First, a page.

PicoBrew, the Seattle based startup that’s made a name for itself with countertop beer brewing appliances, has set its sites on a different type of beverage with its newest product, the Pico MultiBrew: coffee.
In short, PicoBrew has taken the technology it has developed over the past decade for high-precision beer brewing and applied it to making the perfect cup of joe. The MultiBrew will use what the company calls “brew programs” to govern the time, temperature and fluid flow of each coffee brew.
If that sounds like a very high tech approach to coffee brewing, that’s because it is. This shouldn’t be all that surprising since PicoBrew’s founding trio includes a couple of former Microsoft execs and a food scientist.
“We’re ex-software guys and computer guys, as well as coffee and beer guys,” CEO Bill Mitchell told me last week when we visited the PicoBrew offices near the University of Washington to take a peek at the MultiBrew prototype. “So it made sense for us to start with the hardest drink [with] beer and go from there.”
While the MultiBrew is the first ‘coffee-first’ machine from PicoBrew, it isn’t the first that makes coffee. In fact, Mitchell’s brother Jim (a PicoBrew cofounder and a food scientist by training) started making coffee with their very first appliance, the Zymatic, and both the PicoBrew Z (pro unit) and Pico C (consumer) can make cold brew.
And then there’s the Pico U, the multi-beverage brewing appliance the company unveiled in the spring of 2018 and ultimately pulled the plug on even after hitting their Kickstarter funding target. According to Mitchell, what they heard from their community was that while they liked the Pico U’s ability to make multiple types of drinks like coffee, beer and kombucha, ultimately the U wasn’t coffee-forward enough.
“Coffee, coffee, coffee is what we were told,” said Mitchell.
And so unlike the PicoBrew U — which looked like a scaled down version of the Pico C — the MultiBrew looks and acts like a coffee maker, allowing the user to brew different sizes ranging from single serve to a full carafe of coffee. The MultiBrew also lets users brew using their own coffee grounds or from pods that are made of the same compostable pulp paper material as with the Pico’s beer-ingredient packaging, the PicoPaks.
While I’ve given up on Keurig because coffee from pods generally tastes bad (not to mention all the plastic waste), PicoBrew has a spin on coffee pods that could make me reconsider. Not only are they are designing their own (compostable) pods that will not only apply precision parameters specifically designated by the coffee’s roaster, but are also designing the pods to mimic pourover brew methods rather than the brute force heated water injection method used by a typical pod-brew system.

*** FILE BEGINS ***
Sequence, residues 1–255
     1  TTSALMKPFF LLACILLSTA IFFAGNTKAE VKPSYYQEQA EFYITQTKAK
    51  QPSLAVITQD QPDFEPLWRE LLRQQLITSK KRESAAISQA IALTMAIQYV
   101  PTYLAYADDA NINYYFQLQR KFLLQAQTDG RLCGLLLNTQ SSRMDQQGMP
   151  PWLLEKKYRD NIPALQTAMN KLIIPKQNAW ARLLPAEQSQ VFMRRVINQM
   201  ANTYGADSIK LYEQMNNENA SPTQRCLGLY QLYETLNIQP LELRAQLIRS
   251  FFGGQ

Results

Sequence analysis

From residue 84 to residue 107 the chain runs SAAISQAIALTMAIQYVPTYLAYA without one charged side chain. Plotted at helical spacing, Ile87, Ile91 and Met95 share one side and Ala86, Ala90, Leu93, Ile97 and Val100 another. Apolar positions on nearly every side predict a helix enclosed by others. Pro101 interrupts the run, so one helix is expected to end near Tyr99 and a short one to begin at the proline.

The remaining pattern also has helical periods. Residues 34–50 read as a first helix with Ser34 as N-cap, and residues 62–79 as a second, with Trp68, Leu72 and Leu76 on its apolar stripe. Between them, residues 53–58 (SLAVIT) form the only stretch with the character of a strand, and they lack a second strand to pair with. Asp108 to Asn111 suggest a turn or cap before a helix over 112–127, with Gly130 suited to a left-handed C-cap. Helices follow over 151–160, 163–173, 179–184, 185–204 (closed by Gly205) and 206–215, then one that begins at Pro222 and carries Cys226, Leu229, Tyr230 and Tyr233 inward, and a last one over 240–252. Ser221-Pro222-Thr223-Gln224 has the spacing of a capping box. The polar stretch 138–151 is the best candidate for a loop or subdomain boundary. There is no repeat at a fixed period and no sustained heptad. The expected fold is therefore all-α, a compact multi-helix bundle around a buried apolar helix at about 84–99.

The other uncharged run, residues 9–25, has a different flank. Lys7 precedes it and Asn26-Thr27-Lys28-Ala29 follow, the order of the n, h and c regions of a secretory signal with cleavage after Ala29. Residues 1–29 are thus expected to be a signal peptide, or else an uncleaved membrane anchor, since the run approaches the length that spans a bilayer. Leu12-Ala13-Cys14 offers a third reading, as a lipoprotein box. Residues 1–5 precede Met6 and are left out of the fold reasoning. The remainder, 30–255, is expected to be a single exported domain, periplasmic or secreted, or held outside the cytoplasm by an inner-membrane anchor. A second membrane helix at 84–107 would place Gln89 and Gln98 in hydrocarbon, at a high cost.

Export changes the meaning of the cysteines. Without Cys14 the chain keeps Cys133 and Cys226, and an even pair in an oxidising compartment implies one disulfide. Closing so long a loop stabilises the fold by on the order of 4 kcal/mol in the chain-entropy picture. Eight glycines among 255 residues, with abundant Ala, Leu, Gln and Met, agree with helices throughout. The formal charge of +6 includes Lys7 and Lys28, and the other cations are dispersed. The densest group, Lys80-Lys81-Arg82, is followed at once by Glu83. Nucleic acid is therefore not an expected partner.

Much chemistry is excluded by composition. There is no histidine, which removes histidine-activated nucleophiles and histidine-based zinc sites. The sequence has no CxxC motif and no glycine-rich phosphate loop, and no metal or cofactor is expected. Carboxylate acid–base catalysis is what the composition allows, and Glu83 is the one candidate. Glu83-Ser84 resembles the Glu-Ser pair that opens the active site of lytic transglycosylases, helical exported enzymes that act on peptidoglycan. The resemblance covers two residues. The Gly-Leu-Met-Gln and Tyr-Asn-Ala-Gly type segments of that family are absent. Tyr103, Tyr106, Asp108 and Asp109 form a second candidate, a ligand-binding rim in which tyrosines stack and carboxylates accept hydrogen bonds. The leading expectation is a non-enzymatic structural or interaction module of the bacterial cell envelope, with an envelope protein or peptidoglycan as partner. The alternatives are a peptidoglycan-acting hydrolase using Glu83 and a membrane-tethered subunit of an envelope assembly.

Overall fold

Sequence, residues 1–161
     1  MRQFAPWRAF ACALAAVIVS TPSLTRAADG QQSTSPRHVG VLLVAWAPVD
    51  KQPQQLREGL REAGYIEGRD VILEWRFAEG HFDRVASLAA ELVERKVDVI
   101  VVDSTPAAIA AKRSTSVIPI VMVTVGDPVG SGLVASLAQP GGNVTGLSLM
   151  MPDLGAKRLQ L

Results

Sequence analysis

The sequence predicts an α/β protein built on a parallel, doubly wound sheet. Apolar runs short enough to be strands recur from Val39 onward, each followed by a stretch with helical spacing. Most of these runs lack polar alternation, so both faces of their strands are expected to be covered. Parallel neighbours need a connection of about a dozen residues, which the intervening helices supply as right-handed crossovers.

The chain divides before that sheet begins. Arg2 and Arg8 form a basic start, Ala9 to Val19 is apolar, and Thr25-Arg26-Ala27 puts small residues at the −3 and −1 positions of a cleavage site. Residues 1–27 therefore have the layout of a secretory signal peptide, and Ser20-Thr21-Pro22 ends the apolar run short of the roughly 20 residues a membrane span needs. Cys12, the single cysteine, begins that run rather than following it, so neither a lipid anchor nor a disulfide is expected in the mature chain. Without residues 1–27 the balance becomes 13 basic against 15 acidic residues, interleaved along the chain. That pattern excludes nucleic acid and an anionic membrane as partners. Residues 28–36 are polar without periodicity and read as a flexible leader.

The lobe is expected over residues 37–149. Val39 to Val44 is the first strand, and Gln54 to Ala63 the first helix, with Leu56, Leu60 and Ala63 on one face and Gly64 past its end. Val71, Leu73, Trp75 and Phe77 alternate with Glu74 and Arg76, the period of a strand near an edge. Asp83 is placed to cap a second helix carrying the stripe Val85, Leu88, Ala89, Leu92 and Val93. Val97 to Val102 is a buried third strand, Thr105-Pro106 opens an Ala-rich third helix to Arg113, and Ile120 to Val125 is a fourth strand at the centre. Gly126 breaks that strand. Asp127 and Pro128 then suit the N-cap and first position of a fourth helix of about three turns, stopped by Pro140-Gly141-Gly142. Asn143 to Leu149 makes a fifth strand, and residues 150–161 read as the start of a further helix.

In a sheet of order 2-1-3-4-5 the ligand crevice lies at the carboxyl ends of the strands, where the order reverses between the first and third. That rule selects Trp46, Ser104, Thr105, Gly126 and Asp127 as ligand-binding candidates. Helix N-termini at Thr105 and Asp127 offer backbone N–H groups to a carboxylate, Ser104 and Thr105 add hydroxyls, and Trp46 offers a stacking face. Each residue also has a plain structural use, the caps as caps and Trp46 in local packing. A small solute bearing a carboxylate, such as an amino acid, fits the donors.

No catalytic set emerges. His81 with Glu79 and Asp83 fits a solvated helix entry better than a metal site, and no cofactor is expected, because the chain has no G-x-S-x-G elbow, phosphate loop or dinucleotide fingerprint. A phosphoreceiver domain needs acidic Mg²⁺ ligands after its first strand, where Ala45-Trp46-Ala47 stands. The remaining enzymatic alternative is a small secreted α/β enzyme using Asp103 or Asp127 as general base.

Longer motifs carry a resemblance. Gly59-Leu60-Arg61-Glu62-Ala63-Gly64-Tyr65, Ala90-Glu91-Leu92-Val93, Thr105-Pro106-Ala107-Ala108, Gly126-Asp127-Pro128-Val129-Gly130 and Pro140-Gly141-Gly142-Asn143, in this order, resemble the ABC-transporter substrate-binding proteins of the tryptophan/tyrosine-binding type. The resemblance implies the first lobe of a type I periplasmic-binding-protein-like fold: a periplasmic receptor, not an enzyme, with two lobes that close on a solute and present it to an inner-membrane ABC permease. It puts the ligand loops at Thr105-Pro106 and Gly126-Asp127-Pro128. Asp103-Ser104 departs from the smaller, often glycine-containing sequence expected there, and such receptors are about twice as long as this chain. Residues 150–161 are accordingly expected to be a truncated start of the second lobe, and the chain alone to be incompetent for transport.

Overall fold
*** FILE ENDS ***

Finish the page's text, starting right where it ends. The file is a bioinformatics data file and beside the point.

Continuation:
Mitchell showed me a prototype of a MultiBrew brewpod with an laser-cut pattern through which the water will be poured on the coffee (photo below).
Similar to the way the company worked closely with craft brewers to create ingredients for PicoPaks, they are now in discussions with a variety of craft coffee makers about the possibility of cobranded coffee pods for the MultiBrew. Unlike Keurig, which tightly controls the supply of coffee that goes into their coffee pods, PicoBrew is telling smaller roasters they can both provide roasted beans for their high tech system as well as optimized brewing parameters for the specific roast.
With all this emphasis on coffee, it should be noted that the MultBrew is true to its name and does brew drinks other than coffee ranging from kombucha to golden milk to, yes, beer. The MultiBrew will allow users to brew beer using the same kegs as the Pico C by putting the keg directly under the dispense mechanism (rather than using plastic tubing of the Pico C).
While the multi-drink capability of the MultiBrew does makes it stand apart from other high-tech coffee machines on the market, will it be enough? There’s certainly lots of competition in the high-tech coffee space, as companies like SharkNinja have sold millions of the Ninja Coffee Bar while newer entrants like the Terra Kaffe are in market with products that not only can grind coffee, but can make espresso and milk-based coffee drinks using highly-tailored brewing parameters.
We will see soon enough. The MultiBrew, which will be priced “in the same range” as the machines like the Ninja Coffee Bar (below $200), will be available for preorder in the fall and will ship in 2020.